My opponent then dropped his entire army for the first turn, focusing the bulk of his forces on the half-table where our objective markers were. I then managed to fit my entire army on the right side of the board: this time I kept all of my characters together inside the Wildhorns: this was key in protecting them from the snipes thanks to the Obsidian Rock, but it also helped Omen-proof my Longhorns and Mongrels. The Razortusks had the role of zoning the left side of the hill, and my chariots did the same for the right.




    TURN 1 – Daemon Legions


    The daemons cautiously edged forward, careful to not give my zoning units any good charge targets. The Boat Flies to the left started covering the distance to eventually get to where the fighting would be.

    The winds of magic blew weak, but still the Daemons managed to cast both the Had of Heaven on the Razortusks, dealing two wounds, and then a boosted Hasten the Hour on my Feral Hounds, killing 3 and panicking the remaining two; they would stop just short of the table edge, only to flee off the board on the following turn.




    TURN 1 – Beast Herds


    With my first turn chaff piece gone, I couldn’t push just yet. So I settled for sending both Jabberwocks on flanking maneuvers -incidentally forcing marchblock tests on the right flies- , pushing up the infantry aggressively, and keeping both the chariots and the Razortusks in zoning duty. Magic was limited for me, but I still managed to get the Blackwing Totem on my Longhorns.




    TURN 2 – Daemon Legions


    The careful dance continued: the leftmost Bloatflies flew over the Jabberwock and closer to my units, and the rest of the DL army angled so that the units supported each other. With so much magic, they weren’t in a hurry to engage.

    In magic the Omen cast Hand of Heaven once more on the Razortusks, finishing off the wounded pig, then the casters turned their attention to my BSB: a couple of very high casting rolls meant that I had to let one spell through, so I let the Touch of the Reaper go off, figuring that the probability of auto-killing the BSB was lower than Trial of Faith (it turns out that it is, but it’s really close: 9% vs 11% chance). Luckily for me, the BSB only suffered one wound.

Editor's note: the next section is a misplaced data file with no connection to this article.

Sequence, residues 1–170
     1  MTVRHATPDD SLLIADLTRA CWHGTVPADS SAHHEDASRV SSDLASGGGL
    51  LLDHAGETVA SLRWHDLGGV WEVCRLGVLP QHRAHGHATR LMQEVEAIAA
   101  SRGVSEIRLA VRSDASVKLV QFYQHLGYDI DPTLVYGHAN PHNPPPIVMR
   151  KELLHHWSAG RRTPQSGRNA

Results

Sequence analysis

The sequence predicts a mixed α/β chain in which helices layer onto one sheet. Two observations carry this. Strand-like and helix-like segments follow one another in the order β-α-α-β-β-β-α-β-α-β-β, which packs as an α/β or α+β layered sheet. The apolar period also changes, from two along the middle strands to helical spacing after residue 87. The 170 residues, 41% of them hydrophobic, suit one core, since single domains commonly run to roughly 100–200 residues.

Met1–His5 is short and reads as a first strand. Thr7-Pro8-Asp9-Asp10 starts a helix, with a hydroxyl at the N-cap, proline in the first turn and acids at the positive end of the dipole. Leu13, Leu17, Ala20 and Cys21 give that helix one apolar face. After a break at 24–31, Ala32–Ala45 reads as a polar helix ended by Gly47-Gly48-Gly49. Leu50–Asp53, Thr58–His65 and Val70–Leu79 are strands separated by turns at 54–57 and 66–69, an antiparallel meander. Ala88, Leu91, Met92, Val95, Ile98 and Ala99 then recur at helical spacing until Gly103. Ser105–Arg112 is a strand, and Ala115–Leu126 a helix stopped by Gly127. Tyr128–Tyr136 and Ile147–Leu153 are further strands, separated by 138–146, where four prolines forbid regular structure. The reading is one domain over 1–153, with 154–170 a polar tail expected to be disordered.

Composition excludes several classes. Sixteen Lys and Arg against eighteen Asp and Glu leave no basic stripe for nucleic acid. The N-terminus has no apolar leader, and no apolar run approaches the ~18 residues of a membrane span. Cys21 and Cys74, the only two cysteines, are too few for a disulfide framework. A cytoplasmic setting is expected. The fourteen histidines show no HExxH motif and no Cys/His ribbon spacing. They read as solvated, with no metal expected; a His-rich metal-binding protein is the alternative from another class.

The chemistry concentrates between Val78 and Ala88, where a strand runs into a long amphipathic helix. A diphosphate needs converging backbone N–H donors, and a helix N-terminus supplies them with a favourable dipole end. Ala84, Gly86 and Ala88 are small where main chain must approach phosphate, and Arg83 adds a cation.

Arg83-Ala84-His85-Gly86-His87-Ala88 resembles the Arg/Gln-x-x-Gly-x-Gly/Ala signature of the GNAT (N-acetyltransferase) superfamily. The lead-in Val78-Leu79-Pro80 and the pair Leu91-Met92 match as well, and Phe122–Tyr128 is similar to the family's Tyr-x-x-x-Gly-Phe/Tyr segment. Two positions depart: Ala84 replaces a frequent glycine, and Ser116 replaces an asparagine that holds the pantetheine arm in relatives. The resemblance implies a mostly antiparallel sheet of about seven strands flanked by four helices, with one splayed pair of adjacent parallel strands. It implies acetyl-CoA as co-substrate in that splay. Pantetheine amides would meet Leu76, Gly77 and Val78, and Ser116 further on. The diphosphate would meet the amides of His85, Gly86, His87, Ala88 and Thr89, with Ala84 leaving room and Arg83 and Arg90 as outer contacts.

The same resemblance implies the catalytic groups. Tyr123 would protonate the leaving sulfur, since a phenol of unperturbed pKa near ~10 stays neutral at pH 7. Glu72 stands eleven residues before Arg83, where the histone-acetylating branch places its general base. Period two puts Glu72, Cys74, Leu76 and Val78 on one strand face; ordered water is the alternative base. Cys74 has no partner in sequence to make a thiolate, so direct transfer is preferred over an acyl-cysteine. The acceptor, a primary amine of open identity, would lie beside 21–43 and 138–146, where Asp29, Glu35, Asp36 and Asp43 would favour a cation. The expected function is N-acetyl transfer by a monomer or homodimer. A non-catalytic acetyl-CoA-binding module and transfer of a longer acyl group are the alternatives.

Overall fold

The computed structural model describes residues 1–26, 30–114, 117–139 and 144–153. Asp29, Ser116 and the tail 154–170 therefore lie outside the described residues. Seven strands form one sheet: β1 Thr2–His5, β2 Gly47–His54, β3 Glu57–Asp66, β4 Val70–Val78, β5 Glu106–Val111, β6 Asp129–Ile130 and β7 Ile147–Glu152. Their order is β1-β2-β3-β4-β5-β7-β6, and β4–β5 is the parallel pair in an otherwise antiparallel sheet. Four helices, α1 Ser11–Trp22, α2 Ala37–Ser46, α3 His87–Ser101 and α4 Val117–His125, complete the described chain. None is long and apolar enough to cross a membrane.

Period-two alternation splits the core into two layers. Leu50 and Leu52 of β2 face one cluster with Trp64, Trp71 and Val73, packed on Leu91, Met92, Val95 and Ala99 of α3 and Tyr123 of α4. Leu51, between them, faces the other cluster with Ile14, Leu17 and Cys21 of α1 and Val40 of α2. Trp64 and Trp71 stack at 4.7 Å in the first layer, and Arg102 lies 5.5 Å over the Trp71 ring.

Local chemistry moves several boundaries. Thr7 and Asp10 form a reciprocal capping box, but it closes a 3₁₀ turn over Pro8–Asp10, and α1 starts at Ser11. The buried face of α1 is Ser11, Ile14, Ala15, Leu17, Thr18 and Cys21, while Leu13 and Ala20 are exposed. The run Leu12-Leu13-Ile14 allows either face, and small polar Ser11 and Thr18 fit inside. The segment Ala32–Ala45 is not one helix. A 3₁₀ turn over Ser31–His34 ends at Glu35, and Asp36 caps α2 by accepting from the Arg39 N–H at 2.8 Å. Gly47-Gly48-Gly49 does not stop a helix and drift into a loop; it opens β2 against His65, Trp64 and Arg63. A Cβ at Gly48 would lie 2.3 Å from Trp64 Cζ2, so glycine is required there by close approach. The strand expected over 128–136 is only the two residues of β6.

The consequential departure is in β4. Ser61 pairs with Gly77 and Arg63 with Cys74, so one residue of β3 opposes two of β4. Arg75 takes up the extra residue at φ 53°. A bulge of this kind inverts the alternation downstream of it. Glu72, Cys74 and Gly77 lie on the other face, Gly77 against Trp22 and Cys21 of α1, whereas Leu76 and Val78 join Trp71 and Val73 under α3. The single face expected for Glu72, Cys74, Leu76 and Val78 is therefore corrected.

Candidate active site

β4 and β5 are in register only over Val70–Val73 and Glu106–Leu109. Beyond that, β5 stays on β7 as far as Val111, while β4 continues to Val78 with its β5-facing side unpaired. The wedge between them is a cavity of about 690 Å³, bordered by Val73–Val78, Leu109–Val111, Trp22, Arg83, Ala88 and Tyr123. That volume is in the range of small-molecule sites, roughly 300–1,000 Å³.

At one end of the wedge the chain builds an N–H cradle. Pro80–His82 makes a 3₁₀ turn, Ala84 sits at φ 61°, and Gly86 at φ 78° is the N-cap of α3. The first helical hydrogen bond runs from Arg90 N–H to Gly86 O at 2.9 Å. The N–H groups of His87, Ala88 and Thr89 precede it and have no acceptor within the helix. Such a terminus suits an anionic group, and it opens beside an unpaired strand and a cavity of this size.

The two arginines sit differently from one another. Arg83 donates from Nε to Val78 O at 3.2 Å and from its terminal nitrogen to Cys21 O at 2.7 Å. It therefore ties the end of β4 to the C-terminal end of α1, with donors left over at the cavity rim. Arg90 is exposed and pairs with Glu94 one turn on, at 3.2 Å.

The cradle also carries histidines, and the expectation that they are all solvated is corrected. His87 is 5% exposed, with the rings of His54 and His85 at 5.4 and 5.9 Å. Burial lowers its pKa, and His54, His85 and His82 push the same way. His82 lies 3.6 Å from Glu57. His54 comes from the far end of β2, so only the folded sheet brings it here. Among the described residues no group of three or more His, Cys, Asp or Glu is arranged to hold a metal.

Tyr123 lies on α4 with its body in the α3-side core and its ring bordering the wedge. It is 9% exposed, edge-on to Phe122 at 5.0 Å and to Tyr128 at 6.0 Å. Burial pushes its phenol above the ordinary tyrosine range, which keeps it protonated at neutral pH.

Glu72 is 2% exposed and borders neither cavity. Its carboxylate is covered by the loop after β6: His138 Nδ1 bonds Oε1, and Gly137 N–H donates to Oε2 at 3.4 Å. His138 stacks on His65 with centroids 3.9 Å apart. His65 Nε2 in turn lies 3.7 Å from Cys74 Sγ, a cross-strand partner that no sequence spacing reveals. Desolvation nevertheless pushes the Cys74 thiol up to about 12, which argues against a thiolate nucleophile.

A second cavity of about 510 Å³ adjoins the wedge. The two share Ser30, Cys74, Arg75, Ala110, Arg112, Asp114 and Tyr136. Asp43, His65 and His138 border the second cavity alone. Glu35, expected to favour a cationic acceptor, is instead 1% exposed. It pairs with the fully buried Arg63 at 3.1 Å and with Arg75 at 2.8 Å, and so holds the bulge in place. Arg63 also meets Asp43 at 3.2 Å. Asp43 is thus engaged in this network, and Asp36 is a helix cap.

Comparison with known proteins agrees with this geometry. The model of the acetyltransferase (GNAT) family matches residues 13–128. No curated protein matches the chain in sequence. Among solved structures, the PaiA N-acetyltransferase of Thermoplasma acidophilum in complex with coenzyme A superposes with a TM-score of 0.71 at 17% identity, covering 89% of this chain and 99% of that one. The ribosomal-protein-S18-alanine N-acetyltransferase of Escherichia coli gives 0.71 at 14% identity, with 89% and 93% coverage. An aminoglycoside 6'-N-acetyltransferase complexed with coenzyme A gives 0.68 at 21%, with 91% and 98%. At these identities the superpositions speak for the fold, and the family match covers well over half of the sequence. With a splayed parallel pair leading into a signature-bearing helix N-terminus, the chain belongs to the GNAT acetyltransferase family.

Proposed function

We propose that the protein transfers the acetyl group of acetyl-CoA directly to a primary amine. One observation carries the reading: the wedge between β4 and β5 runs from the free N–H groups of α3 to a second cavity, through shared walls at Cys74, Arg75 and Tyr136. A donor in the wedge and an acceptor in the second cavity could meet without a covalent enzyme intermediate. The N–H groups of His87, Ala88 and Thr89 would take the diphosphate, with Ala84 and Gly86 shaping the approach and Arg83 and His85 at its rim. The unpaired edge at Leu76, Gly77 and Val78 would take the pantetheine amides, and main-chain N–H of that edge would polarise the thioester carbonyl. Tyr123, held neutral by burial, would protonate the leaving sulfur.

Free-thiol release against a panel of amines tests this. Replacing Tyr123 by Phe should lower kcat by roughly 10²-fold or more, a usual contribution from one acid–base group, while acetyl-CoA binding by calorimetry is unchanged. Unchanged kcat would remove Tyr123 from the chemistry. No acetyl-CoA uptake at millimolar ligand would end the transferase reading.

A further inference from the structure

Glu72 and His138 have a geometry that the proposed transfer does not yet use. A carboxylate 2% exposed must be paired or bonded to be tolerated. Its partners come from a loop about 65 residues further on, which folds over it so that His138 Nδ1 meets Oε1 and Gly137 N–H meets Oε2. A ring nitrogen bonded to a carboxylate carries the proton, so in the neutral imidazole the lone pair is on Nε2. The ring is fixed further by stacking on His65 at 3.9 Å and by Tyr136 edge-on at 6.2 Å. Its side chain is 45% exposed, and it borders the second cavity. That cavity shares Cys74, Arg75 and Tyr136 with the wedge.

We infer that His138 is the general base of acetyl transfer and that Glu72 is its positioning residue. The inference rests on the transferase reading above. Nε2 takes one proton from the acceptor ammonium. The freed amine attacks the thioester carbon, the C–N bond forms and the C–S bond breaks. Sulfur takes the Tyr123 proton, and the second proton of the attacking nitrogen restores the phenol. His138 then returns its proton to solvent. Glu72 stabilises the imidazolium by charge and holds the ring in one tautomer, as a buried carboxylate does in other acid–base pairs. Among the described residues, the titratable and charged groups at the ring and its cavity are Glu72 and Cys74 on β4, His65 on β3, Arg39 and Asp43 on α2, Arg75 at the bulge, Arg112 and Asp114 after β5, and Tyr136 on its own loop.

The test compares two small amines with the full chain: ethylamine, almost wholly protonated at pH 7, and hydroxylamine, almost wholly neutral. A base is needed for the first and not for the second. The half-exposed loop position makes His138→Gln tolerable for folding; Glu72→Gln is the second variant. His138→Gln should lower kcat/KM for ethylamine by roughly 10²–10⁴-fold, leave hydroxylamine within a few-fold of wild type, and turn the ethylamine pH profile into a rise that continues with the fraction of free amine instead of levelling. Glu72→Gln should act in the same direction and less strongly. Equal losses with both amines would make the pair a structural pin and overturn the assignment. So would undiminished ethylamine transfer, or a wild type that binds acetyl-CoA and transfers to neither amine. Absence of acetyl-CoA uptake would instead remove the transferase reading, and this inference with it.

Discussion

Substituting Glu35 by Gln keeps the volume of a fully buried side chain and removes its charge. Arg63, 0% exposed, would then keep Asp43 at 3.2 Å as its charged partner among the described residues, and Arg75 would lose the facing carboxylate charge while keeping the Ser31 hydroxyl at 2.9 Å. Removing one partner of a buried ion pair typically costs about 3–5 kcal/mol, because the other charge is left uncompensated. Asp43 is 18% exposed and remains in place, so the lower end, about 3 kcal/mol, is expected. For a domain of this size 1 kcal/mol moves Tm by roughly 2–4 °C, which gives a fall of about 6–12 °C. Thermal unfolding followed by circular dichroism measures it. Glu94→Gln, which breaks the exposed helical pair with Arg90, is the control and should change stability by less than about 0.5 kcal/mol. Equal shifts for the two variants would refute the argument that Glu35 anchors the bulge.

TURN 2 – Beast Herds


    My opponent’s moves hadn’t given me any openings yet, and I was loathe to engage the only monster killer in the DL army with my only monsters. So I opted for the long charge of the Longhorns into the Blight flies that were 18” away: I failed that and only stumbled forward a couple of inches.

    My ambushers refused to show up,… [Read More]
  • After a very successful first round, we found ourselves among the top scorers and would be facing team New Zealand. In the past we’ve had great experience fighting the Kiwis, I’ve personally had great games against Jack @Dark Assassin , as well as Simon (Mr T-800) and Tom @casamar .

    I encourage you to go check out the podcast they’ve been creating for a while now, called “Whispers of the Veil”:
    cltlb7.podbean.com/?fbclid=IwA…RH6i0Y4b8dV0sSK5CkyFQ_EQE


    Mirroring team Belgium’s effort, NZ’s ETC team have been steadily improving in the game, and last year came only 2 points short from a Top 10 finish, while also being a contender for best sports. Needless to say, we were ready to brave the time zone difference in order to play these guys!


    I got to play Dave with his Wrath/Lust Dark Hide Daemons:

    CHARACTERS:

    Dave wrote:




    The deployment type this time would be counterthrust, and the secondary objective Capture the Flags: not the best scenario for the matchup, since I’d be forced to reveal my intentions with deployment if I had to deploy first. I was a big worried about the two Daemonic Characters performing a flanking maneuver, hitting my army from the side while I was busy with the scoring units or, even worse, having to only face the characters in a hit-and-run capacity, while the rest of the daemonic army stayed away and kept the objective safe.


    So when my opponent won the roll for sides, I also gave him the option to deploy first, which he did in order to claim the first turn. Knowing only where his Myrmidons where, I decided to place my Longhorns along with a Jabberwock as an anchor in the middle, and put the rest of the army right across the hill: my mobility would allow me to reach the Myrmidons even if the daemons elected to deny the fight, while I could rely on the longhorns to hold their own against a monstrous character long enough for reinforcements to arrive.


    For spells I picked Echoes of the Dark Forest, Spectral Blades and Whispers of the Veil, while the Daemons opted for Spectral Blades/Whispers of the Veil and Raven’s Wing/Deceptive Glamour.


    When the time came for scouts, I thought I was being smart by dropping the Gargoyles in the far side of the enemy deployment zone, exactly 18” from the Myrmidons: I expected the Gargoyles to deny the scouting within 18”, and be safe from turn 1 charges from other scouting units. After doing that I went back and read the Scout rule, and figured out how wrong I was.




    Dave still went for a straightforward deployment right across my main forces, only keeping a unit of Furies on the weak flank to chase my Gargoyles.


    TURN 1 – Daemon Legions


    My carelessness in deployment gave the Furies an easy target in my Gargoyles: these got charged in the rear with no way out, so they stood and took it. The rest of the DL army moved forward in unison, the fast units intent to make the most out of their charge range advantage on the following turn.